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Sony Ericsson Jalou review: Sony Ericsson Jalou

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The Sony Ericsson Jalou is a very small clamshell phone with a unique design that's intended to appeal to roughly 50 per cent of the population. Despite its diminutive size, it manages to include most of the functions you'd expect from a modern phone, and more besides. We've yet to see how much it's going to cost on either pay-as-you-go or contract deals, but we'll update this review when we find out. It's available for about £400 SIM-free.

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8.3

Sony Ericsson Jalou

The Good

Convenient size; unique design; crams in a decent camera and music player, among other features.

The Bad

Screen is too shiny; small number keys; SD card slot is inconveniently located under the battery.

The Bottom Line

It could have been all style and no substance, but the Sony Ericsson Jalou turns out to be a remarkably versatile and convenient piece of technology, packing loads of features into a tiny package

Ladies first
The first thing you'll notice about the Jalou, especially with its clamshell folded shut, is that it barely looks like a phone at all. It's roughly the size of a matchbox, although that comparison does little justice to the Jalou's jewel-like appearance. Sony Ericsson's design team has obviously worked hard to create a handset that's eye-catching and convenient at the same time, and the result is something of a success on both counts. The Jalou comes in metallic purple, black and blue versions, as well a rose and gold special edition, designed by Dolce & Gabbana, for dedicated followers of fashion.

The standard edition of the Jalou is available in black, purple and blue 

If you haven't guessed the Jalou's target market already, chaps, let's just say this handset isn't aimed at you. Other clues include a feature that allows you to use the phone as a compact mirror. This simple idea actually works quite well. The main display has a shiny, reflective coating. By pressing the cancel button with the phone open, the backlight switches off, allowing you to see yourself sufficiently well in the 51mm (2-inch) display to tease your hair, apply a fresh dose of lippie and check your teeth for chewing tobacco.

Unfortunately, the reflective coating is sometimes rather too shiny when you're using the handset as phone, often catching the light in such a way that makes it hard to see what's on-screen, particularly when used outside in bright sunlight.

A secondary, 33mm (1.3-inch) screen is located on the exterior of the clamshell, allowing you to view the time, battery charge and signal strength when the phone's snapped shut. The display is low-resolution (128x36 pixels), but integrates invisibly into the casing once the backlight fades.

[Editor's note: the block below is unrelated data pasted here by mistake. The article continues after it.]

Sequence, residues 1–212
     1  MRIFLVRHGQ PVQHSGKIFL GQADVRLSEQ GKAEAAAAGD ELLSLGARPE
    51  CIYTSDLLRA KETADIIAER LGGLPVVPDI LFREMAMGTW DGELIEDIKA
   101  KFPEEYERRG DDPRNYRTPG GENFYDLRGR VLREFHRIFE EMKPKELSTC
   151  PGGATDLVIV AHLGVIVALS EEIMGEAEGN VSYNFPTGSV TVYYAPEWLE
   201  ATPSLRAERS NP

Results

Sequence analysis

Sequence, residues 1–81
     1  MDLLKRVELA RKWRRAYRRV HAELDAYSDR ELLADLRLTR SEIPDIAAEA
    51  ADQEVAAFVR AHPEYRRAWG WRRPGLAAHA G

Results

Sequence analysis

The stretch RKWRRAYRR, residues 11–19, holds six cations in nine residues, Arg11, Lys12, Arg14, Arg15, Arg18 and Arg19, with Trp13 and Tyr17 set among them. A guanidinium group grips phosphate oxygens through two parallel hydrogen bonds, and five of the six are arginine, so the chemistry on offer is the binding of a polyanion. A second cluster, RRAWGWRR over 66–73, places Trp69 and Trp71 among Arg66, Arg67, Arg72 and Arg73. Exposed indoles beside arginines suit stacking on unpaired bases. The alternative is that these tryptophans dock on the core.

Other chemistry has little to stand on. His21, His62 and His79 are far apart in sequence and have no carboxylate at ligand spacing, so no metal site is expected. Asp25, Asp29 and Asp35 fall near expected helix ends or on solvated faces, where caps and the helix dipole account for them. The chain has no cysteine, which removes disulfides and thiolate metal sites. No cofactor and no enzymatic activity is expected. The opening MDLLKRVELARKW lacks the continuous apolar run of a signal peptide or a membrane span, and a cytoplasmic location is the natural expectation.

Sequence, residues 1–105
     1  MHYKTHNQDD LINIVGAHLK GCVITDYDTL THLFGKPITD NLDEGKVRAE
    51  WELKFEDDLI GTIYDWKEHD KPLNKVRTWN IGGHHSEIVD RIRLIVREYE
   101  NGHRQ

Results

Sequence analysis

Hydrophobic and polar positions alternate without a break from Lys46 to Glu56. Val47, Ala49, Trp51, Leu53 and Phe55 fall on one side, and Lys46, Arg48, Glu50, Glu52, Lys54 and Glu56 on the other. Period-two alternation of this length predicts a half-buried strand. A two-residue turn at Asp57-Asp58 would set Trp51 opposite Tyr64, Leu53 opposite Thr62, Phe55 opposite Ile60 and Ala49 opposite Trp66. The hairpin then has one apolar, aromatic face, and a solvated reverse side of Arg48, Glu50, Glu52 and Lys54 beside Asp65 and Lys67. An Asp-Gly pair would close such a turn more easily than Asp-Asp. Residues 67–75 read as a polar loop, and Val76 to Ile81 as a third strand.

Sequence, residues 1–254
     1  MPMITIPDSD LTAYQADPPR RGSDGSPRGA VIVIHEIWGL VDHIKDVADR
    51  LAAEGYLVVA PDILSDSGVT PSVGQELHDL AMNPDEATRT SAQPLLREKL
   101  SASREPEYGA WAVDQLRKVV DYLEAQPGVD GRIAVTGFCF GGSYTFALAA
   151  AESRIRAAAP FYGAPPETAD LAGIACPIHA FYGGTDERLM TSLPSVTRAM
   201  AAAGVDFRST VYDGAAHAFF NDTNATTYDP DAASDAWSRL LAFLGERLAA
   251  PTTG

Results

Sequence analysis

Specs fiend
It's often the case that fashion phones sacrifice a certain amount of functionality for the sake of style, but the Jalou has surprisingly good specs. It offers 3G and HSDPA connectivity, and it's possible to make video calls, email, browse the Web, play Java games, watch YouTube and so on. Wi-Fi connectivity is absent but Bluetooth is supported.

There's a 3.2-megapixel camera on-board too, and the results aren't bad as far as phone snappers go. There's no flash and, once you transfer photos to a PC, you'll notice some tell-tale artefacts, particularly around edges, but the Jalou is fine for taking casual snaps and recording short video clips. An FM radio and a music player that supports MP3 and AAC files are also included, although the provided stereo headphones are rather tinny. Replacing them will involve investing in an adaptor for the phone's proprietary connector.


With only 100MB of on-board memory, you'll also need some extra storage space for all your music, movies and photos. Thankfully, there's a handy microSD card slot that allows for up to 4GB of additional storage. The only drawback is that the slot is placed underneath the battery, which makes it unnecessarily fiddly to insert or extract your memory card.

Easy does it
The operating system is a Jalou-themed version of the same OS that you'll find on many current Sony Ericsson phones, including the eco-friendly Naite. It's not a particularly exciting interface, but it will be familiar to many people. It's also easy to navigate, and relatively fast and responsive. 

The jewel-theme continues beneath the screen, with small, shiny, gem-shaped buttons on the keypad. These aren't particularly easy for large, masculine, sausage fingers to handle. The Jalou's battery life isn't fantastically long, but we got more than two days of fairly frequent use out of the phone on a single charge, which isn't bad.

Conclusion
Whether or not you like the Sony Ericsson Jalou's appearance is down to personal taste, and it's possible that a number of minor issues may rankle with some users. Nevertheless, from a purely practical point of view, the Jalou is an extremely convenient way of combining your phone, camera, music player and, of course, your compact mirror in a single, tiny device.

Edited by Charles Kloet